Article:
When we look at a piece of art, a poem or a book, different feelings flow into our hearts such as love, reverence, awe, irritation, disgust, or outright hatred. What causes these feelings are myriads of meanings, memories, associations, and similar things that we experience in our lives. They give the meaning of art its profundity and complexity.
But is the meaning as simple as that, or is there more?
When we look at a piece of art, its aesthetics captures our eye so we admire its beauty. If it's a picture, one of the first things that captures our attention is color. The contrast of colors blue, green, yellow, and how they intermix with each other affect us. Another thing that allures us is the theme. If it’s the high art, the theme is always something very valuable and important to that culture.
This can be seen in the creation of the Adam fresco painting on the Sistine Chapel ceiling. It is an iconic piece of the Renaissance high art. One of the things that makes this painting so important is its theme. According to the Bible, God created Adam in his own image. This meaningful interpretation and emotion is perfectly captured by this painting. No doubt that colors, artistic skills, and style played their part in making this picture a great piece of art, but it is the theme that brings all these things together. It is the context that gives the painting potential to rise above all.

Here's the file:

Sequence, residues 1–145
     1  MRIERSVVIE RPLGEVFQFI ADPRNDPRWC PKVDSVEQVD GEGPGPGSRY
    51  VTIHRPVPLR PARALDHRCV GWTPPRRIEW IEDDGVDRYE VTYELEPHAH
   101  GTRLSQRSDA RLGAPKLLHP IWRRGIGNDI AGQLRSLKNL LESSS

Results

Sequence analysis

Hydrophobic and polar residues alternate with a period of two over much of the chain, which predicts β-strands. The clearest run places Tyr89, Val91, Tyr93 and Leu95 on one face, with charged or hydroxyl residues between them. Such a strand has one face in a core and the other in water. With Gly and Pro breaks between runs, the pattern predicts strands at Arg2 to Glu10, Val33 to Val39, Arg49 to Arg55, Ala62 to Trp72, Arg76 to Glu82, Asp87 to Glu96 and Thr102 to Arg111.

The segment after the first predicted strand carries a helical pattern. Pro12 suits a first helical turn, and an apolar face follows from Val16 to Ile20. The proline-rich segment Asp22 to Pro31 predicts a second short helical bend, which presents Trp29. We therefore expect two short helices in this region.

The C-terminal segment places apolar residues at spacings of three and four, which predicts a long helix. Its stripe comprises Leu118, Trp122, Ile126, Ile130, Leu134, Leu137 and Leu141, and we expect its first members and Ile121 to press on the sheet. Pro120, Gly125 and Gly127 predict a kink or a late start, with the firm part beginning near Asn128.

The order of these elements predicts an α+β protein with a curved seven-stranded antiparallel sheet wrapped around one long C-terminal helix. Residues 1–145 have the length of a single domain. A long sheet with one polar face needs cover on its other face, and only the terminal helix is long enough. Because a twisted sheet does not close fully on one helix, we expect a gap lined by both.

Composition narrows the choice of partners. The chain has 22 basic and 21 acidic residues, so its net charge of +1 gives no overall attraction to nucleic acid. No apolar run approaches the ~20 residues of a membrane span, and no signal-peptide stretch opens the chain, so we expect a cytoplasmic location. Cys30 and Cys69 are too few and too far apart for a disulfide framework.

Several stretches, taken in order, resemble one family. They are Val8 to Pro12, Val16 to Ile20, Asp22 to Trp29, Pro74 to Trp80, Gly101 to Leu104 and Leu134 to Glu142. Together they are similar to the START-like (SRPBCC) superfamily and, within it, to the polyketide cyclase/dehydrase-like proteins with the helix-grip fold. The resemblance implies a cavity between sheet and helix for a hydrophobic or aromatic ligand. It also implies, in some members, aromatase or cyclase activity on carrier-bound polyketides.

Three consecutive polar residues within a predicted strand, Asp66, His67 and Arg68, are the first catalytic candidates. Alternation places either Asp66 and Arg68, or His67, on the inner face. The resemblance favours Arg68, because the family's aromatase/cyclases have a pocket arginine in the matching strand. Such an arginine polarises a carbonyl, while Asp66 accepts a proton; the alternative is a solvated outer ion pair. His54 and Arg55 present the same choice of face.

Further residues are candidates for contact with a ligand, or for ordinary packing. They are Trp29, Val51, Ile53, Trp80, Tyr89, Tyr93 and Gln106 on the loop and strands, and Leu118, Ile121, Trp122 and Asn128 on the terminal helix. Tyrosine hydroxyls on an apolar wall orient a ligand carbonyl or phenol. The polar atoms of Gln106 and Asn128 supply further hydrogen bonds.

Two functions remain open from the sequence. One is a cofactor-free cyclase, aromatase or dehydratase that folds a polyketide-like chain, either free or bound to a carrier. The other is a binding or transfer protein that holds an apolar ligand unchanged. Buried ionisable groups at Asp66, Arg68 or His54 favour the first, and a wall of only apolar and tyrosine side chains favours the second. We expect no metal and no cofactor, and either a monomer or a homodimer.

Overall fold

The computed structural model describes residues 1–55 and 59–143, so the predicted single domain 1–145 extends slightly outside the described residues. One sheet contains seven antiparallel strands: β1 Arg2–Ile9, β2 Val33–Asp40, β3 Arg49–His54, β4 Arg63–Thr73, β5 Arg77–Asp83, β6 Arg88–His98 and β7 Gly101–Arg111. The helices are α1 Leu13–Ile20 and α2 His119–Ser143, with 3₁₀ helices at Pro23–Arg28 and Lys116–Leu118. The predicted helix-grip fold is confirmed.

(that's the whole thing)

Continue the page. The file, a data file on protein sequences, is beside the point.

Generally, it is the beauty and the morally elevating quality of a text or a picture that elevates its value, but beauty and morality are subjective- they cannot be quantified and evaluated in an objective manner. At most, you can have a consensus which is like democracy, but democracy cannot be used to truly evaluate the objective value of anything.
To counter this problem critics have employed different techniques and methods that try to be as objective as possible. For example, close reading forces the reader to read the text or see a picture multiple times to draw conclusions. Another method is to read a text word for word and look for the meaning of words in foreign and ancient languages. Some critics suggest that the psychological state and historical background of the author are a necessary requirement for understanding a piece of text or image. All these methods of criticism are helpful in their own way, but ultimately the meaning and judgment about a piece of art are in the hands of the audience.
Readers give the poem or picture its ultimate and final meaning but readers are not a single continuous mass which can be evaluated by applying any mathematical formula. Readers are individuals with their own psychologies, experiences, environments, cultures, world views, and perspectives. Each individual is unique and the meaning he derives from a painting or a poem is also unique and very personal.
The intention of the author is often taken as a guiding principle for understanding a piece of art. Some people even try to dogmatize the meaning of art in this manner. But the interpretation ultimately lies with the reader. He can find beauty where the author intended ugliness. He can find connections and metaphors in shapes that were meaningless or of quite contrary meaning to the author.